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The Little Library That Could

“The library is the heart and the barometer of the health of the city,” says Rayel Starling, Globe Public Library Director. 

The Globe Public Library closed to in-person use in March 2020, following CDC guidelines. The services continued. The staff never stopped answering the phones. 

“The next day we started doing lunches for the school kids,” says Rayel. “Curbside services started the following week.”  

For the next year, Rayel and her staff adapted long-running programs to the new restrictions. Couch Potato to 5K went virtual, as did Summer Reading, now running in hybrid form with paper and online reading logs and age-appropriate prizes. Teen participation has been six times higher than before. Family Storytime continued via Facebook Live and “Grab and Go” kits provided theme-related activities that families could do at home.  

“It’s not just about instilling in kids the love of reading,” says Robin Wurst, a retired early education specialist and Storytime volunteer since 2012, “We try to teach the parents how to support early literacy development.” 

Robin is also President of Friends of the Library (FOL), a local non-profit organization that exists to support the library where city and county budgets fall short. FOL receives grants through the Globe-Miami United Fund which fund the “lion’s share” of library programming. The group is l.

Within our community there are so many resources waiting to be tapped,” says Robin. “My priority is to discover and coordinate people and their ideas, expertise, generosity and energy.”

FOL has collaborated with the Humane Society and Cobre Valley Youth Club to create Shelter Buddies. A brainstorm by Thea Wilshire, the new program involves local youth reading aloud to homeless dogs at the animal shelter. FOL has purchased books and will train volunteers to assess. 

“The purpose is to make children more comfortable with reading,” says Rayel. 

Shelter Buddies was funded through a $10K United Fund “Year of Yes” grant that encourages nonprofits to work together. Implementation of the program has been delayed by Covid and then the fires, and since the inception of the idea, all three organizations have new directors.   

“All are super enthusiastic about continuing,” says Rayel, “so that made me feel great.”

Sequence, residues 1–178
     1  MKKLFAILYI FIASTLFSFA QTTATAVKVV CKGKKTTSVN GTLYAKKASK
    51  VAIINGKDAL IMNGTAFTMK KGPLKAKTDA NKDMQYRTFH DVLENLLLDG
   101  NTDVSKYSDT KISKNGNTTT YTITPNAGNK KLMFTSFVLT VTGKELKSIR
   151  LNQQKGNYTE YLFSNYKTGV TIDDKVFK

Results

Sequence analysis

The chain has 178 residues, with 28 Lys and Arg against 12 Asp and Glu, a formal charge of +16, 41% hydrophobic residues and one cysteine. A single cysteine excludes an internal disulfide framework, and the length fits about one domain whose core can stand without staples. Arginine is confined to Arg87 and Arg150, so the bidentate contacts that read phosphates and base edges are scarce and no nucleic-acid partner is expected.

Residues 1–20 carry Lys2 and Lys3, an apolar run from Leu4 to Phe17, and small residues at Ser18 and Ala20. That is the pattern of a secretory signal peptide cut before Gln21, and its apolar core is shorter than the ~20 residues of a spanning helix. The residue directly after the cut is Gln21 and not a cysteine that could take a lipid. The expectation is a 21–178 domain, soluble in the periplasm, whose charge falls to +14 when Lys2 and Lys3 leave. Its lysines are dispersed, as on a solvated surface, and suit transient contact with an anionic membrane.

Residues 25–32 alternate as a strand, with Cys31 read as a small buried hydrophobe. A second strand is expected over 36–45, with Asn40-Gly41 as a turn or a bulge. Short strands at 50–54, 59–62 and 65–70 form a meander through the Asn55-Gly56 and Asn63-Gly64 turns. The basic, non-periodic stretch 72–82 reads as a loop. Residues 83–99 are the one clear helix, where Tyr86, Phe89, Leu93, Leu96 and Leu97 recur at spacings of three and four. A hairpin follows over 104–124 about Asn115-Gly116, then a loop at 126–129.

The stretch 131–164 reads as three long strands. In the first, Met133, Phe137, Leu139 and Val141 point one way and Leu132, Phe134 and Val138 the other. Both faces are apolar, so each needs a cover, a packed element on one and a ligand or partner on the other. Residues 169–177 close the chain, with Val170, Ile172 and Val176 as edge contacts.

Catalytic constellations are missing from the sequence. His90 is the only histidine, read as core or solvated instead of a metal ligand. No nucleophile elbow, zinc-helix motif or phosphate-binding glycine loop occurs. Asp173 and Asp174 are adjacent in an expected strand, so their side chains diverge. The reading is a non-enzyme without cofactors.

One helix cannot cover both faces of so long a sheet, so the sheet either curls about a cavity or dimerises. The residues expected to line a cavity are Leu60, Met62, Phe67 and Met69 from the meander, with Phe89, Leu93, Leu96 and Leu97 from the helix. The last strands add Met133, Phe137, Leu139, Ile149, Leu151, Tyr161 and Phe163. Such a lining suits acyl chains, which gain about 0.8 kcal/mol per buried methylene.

A Place to Meet and Learn

 

“A library offers more than books,” Rayel says. “It offers lifelong learning experiences and helps people find jobs.” 

Rayel was born in Miami, grew up in Globe and earned an MA in Information Resources & Library Science from the University of Arizona. As a child she participated in the Summer Reading program at Globe Public Library and the Old Dominion Library before it burnt to the ground in 1981. The current building was adopted as the library in 1986.  

“I would love to see a new library built while I’m director,” says Rayel.

Kerrie Graham mural artist. Photo by Patti Daley

A larger modern facility for the library is the singular goal of the library’s 5-year strategic plan, approved in June 2018. Rayel doesn’t expect it in the next two years. Police and fire come first.

“The safety of the citizenry should be our top priority,” she says, “but eventually the library will get attention.”

As part of their annual membership and fundraising drive, Friends of the Library (FOL) are putting attention on the library’s outdoor space, currently a few shaded picnic tables enclosed by a chain link fence installed by the city to prevent vandalism.   

“I love the outdoor space,” says Rayel. “I wish it were more usable.”

To that end, Robin and FOL have enlisted the help of Rachel Hansen of Tallyho Engineering. With input from the Library Director and FOL Membership committee, has produced initial renderings of a new vision for the outdoor space. It includes more shade, plant life, flexible seating for reading and fundraising pavers.

“ I value the library and it is my way of contributing,” says Rachel.  

She’s also working with artist Kerrie Graham on a colorful mural for the library’s west wall. Originally proposed as an Eagle Scout project by Bradley Pollock in November 2019. With financial support from FOL, the project was prepped in early 2020. Then the primer peeled, Covid hit, the project was put on hold and Bradley left on a mission in Slovenia. His Aunt Kerrie agreed to carry the idea forward. The bookshelf design will include classic literature, works from local authors and an image of the Old Dominion Library. Hundreds of volunteer hours will go into the final product.  Kerrie painted her first mural in high school and stays inspired by her grandmother’s last words to her:“Keep painting. Let it bring joy to others.”

Grand Re-Opening

In May, all restrictions for in-person use of the library were lifted. Patrons are asked to respect social distancing and optional mask-wearing.

On August 6, the library will host a grand re-opening to celebrate. Friends of the Library will share the vision for the outdoor space and provide light refreshments. There will be a scavenger hunt for the kids. 

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